Linux now 11% of IBM MIPS sold

Rohit Khare
Thu, 24 Jan 2002 21:38:57 -0800

IBM unveils first Linux-only mainframes

ARMONK, N.Y. (Reuters) - International Business Machines Corp. Friday 
said it is launching its first mainframe computers that will only run 
Linux, saying the alternative operating system is gaining ground as 
companies tighten purse-strings in the tough economy.

IBM said the two new machines, the iSeries for small businesses and 
the more powerful and costly zSeries, can replace racks of smaller 
server computers made by rivals like Dell Computer Corp. and Sun 
Microsystems Inc.

``This is really a first for IBM. It is the first time we are 
introducing new mainframe technology designed for Linux and server 
consolidation. This is really the first pure Linux mainframe,'' Peter 
McCaffrey, director of product marketing for the machines, said in an 

The support for Linux comes as IBM is seeing a resurgence in 
mainframe sales. IBM mainframes, large, multi-processer machines, 
ruled the computing world in the 1960s and `70s but were usurped by 
cheaper PCs and servers.

Yet IBM says the business is once again booming as companies find it 
is costly to link dozens or even hundreds of servers together to meet 
their corporate networking needs.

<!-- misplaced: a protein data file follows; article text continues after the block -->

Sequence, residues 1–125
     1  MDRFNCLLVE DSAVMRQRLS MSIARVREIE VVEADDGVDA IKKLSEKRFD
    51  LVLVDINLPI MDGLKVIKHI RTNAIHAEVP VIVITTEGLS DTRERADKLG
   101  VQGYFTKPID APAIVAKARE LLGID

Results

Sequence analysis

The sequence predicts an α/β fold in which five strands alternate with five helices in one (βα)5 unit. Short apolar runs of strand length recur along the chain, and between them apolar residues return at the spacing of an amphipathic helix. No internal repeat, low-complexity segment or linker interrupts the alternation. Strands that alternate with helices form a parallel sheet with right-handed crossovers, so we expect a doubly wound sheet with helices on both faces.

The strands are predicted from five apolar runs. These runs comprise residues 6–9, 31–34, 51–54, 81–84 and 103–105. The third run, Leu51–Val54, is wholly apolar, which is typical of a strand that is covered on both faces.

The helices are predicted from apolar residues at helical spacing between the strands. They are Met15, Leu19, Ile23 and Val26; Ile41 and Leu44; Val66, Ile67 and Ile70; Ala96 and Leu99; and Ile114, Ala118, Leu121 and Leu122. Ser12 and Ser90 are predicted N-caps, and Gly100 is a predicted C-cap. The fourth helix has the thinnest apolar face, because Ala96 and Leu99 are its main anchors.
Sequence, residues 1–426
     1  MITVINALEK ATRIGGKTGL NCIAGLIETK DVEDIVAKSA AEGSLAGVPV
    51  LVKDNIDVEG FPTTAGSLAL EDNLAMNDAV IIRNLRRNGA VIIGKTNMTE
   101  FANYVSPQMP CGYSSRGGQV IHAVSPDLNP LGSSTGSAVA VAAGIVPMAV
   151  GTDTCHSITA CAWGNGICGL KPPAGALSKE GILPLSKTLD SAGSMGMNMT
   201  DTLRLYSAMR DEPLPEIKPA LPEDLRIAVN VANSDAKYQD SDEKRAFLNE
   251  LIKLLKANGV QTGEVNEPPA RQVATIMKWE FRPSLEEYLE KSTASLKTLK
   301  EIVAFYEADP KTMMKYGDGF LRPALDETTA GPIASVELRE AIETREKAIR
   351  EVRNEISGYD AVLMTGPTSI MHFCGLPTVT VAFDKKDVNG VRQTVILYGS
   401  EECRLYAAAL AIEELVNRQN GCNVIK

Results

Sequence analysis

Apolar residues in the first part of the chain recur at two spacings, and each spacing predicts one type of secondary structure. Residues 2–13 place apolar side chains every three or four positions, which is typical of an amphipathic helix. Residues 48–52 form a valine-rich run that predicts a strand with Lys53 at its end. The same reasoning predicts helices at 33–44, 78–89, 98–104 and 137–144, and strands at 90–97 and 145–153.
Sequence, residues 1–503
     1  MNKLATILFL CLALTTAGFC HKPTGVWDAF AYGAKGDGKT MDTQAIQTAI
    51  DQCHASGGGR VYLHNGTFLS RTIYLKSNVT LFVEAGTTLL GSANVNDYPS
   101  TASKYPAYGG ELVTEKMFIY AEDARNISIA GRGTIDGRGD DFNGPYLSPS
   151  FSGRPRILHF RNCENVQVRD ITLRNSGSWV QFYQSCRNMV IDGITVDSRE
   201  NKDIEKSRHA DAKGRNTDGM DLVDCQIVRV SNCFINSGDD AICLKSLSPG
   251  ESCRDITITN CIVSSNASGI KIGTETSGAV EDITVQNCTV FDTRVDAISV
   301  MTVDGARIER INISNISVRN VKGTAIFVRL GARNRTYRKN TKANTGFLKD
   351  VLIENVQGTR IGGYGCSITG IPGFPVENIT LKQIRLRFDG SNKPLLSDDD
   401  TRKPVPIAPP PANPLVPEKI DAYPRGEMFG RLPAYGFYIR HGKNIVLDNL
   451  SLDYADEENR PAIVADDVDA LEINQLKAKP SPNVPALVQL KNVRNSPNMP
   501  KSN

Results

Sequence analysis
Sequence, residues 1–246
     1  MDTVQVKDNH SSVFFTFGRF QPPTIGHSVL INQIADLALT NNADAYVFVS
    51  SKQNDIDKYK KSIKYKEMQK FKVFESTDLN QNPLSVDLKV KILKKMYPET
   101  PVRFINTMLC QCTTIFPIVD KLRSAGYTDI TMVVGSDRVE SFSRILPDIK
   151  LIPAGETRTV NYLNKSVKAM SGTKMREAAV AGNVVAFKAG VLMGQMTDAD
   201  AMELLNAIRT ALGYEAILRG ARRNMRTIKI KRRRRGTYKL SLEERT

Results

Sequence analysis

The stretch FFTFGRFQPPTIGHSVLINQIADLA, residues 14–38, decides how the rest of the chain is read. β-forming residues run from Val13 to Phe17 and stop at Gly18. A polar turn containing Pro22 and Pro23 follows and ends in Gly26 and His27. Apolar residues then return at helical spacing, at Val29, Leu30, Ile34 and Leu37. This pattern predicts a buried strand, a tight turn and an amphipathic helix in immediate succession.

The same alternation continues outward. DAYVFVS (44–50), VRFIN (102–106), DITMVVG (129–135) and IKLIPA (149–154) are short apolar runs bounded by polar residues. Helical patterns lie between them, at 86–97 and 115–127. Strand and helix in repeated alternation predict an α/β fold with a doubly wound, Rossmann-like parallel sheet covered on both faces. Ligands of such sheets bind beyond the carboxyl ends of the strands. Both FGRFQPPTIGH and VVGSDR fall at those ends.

The Armonk, New York-based company says its eServer zSeries 
mainframes have been the fastest-growing platform in the industry and 
the only one to post five consecutive quarters of growth.

IBM has offered Linux as an alternative platform on its mainframes 
for some time, and says Linux accounts for 11 percent of the 
computing capacity, as measured in millions of instructions per 
second, it shipped in its last quarter.

But the new products are its first Linux-only mainframes.

``It (Linux) is becoming an important and growing part of the overall 
mainframe business. Many IT organizations are cutting costs, and what 
they found is they can use the mainframe to cut costs by sweeping the 
floor of the Dell-Intel or Sun-Unix servers,'' McCaffrey said.

The lower-end iSeries could replace up to 15 regular servers and 
would cost around $50,000, while the powerful zSeries could replace 
hundreds of servers and would cost about $400,000, McCaffrey said. He 
said that compares with an average mainframe cost of about $750,000.

The mainframes would also be configured so technicians with little or 
no experience on traditional IBM mainframes could easily set them up, 
McCaffrey said.

``It does allow us to reach different customer sets and different 
audiences that we couldn't reach with traditional full-blown 
mainframes,'' McCaffrey said. ``We've really hidden and eliminated 
the complexities sometimes associated with that and made it more of a 
load-and-go package.''